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Asia Minute: Hong Kong’s latest crackdown on dissent

Ronson Chan hong kong
Vincent Yu/AP
/
AP
FILE - Ronson Chan, speaks outside his office after being released from a police station in Hong Kong, on Dec. 29, 2021. Chan, the chairman of Hong Kong's largest journalists' association was arrested Wednesday, Sept. 7, 2022, for allegedly obstructing police and public disorder while reporting, the latest case sparking concerns of declining media freedom in the city. (AP Photo/Vincent Yu, File)

Two developments this week in Hong Kong are the latest evidence of a continuing crackdown on freedoms in the city.

The chairman of Hong Kong’s largest journalists' group has been arrested.

Local media report Ronson Chan and a colleague went to cover a meeting of public housing apartment owners when they were stopped by police and asked to present their identification cards.

Chan refused and was arrested on charges of obstructing police and public disorder.

On the same day, a Hong Kong court convicted five speech therapists of sedition — based on three illustrated children's books they published.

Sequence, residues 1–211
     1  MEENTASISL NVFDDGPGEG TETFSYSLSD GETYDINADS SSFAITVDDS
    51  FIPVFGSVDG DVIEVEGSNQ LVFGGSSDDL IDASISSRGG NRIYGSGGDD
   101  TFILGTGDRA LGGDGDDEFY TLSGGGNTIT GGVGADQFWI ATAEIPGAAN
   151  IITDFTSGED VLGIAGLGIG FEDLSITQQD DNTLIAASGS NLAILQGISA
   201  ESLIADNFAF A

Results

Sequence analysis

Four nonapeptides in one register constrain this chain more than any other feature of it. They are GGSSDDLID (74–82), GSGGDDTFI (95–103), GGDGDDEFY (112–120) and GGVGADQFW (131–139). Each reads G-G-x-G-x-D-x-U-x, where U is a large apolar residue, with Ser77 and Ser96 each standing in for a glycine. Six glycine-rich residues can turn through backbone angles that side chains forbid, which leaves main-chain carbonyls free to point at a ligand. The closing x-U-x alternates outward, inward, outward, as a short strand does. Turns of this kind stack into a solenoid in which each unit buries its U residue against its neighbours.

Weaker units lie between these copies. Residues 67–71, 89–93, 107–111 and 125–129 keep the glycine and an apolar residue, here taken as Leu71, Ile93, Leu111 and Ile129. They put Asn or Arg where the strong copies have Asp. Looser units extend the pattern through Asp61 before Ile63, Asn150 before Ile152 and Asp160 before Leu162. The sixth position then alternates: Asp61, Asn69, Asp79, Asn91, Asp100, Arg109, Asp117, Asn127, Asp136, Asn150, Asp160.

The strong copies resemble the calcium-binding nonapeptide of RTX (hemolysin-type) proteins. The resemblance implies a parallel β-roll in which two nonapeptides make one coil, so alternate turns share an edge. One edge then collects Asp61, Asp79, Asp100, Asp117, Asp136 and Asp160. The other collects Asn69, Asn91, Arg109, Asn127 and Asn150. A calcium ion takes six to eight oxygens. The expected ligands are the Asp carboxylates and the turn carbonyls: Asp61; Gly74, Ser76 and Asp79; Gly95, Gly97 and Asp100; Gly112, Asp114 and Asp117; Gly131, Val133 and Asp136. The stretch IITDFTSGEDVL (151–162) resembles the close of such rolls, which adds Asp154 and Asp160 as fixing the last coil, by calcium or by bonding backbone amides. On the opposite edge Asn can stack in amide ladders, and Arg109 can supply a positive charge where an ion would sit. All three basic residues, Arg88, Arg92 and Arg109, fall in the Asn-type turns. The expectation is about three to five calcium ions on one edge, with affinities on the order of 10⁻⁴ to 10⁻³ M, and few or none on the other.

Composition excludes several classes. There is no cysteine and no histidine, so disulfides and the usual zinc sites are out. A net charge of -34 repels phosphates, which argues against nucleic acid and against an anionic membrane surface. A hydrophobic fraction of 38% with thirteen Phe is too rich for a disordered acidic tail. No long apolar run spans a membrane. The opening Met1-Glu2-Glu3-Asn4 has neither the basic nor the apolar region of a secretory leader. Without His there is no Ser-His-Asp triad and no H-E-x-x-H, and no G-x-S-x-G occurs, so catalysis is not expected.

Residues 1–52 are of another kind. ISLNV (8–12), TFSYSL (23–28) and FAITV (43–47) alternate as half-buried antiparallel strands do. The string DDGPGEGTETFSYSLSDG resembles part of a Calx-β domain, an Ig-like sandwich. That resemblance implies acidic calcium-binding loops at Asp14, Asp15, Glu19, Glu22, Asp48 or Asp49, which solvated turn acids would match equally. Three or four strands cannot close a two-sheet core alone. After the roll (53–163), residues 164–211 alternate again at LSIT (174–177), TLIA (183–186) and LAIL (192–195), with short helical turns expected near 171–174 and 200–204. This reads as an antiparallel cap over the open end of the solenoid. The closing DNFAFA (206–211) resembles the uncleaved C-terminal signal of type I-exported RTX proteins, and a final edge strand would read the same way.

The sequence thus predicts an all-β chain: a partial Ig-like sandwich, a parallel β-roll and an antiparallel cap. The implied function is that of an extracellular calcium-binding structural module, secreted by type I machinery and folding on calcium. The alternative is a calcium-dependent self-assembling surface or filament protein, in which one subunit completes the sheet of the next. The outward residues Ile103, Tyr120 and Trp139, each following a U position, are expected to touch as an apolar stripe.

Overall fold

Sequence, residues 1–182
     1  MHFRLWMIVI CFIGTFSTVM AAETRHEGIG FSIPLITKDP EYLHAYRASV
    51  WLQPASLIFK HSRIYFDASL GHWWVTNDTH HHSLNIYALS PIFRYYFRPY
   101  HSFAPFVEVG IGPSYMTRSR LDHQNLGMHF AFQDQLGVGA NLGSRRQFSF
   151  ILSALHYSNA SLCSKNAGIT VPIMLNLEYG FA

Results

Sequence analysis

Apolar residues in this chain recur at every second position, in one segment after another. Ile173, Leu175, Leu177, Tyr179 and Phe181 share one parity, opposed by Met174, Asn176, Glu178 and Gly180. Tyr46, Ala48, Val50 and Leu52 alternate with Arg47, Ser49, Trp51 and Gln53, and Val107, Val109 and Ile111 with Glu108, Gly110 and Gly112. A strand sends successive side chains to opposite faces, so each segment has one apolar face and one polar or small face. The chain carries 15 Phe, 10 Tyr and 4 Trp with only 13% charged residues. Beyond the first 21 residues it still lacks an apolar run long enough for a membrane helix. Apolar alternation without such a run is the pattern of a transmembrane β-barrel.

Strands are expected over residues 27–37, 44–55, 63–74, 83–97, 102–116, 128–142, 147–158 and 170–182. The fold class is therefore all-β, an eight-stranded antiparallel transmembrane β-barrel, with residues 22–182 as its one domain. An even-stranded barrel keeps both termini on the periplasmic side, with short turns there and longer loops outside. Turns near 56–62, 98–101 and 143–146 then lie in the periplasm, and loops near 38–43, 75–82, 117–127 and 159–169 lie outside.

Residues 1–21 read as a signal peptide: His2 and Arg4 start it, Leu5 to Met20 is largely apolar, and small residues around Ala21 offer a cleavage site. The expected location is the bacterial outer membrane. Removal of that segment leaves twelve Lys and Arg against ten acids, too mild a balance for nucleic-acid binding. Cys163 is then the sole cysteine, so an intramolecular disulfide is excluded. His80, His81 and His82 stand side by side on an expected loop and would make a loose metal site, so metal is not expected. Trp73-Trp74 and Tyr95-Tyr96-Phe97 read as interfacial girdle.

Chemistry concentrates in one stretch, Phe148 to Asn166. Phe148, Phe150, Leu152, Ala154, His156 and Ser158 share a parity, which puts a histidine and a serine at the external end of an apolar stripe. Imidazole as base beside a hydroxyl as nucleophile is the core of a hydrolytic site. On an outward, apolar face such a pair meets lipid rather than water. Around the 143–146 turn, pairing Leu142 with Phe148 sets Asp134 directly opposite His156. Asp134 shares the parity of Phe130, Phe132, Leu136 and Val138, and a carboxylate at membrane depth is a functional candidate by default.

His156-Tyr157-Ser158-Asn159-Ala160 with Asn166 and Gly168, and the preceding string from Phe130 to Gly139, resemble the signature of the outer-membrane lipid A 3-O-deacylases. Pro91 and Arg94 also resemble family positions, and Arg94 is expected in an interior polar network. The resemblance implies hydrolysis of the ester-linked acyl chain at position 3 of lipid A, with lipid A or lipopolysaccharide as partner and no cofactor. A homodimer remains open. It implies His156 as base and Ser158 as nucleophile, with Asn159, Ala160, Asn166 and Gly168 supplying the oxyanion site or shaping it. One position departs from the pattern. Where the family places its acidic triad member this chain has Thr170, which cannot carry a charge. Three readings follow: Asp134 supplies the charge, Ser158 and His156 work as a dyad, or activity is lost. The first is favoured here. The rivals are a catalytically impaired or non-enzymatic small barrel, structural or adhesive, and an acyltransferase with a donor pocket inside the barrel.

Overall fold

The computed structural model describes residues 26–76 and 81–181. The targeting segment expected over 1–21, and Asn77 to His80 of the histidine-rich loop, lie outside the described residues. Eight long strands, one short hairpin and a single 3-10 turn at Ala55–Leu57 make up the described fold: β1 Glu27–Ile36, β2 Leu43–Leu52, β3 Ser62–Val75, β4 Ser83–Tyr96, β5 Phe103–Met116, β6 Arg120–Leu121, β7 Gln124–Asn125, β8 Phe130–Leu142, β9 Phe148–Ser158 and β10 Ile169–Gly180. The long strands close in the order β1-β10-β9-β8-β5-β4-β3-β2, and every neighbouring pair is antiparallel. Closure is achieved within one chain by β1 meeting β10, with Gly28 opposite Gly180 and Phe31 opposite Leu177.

The books feature cartoons of sheep and wolves — and reference actual events — from pro-democracy protests in Hong Kong to a strike by local medical workers who urged Hong Kong to close its borders with mainland China at the start of the pandemic.

The authors call them allegories.

The prosecution called them stories that spread separatism and stirred hatred and opposition to the government.

The court sided with the prosecution.

Amnesty International called the verdict a "brazen act of repression," writing that “attempting to educate children about recent events in Hong Kong’s history does not constitute an attempt to incite rebellion."

The five speech therapists face two-year jail sentences when they are sentenced on Saturday.

Bill Dorman has been the news director at Hawaiʻi Public Radio since 2011.
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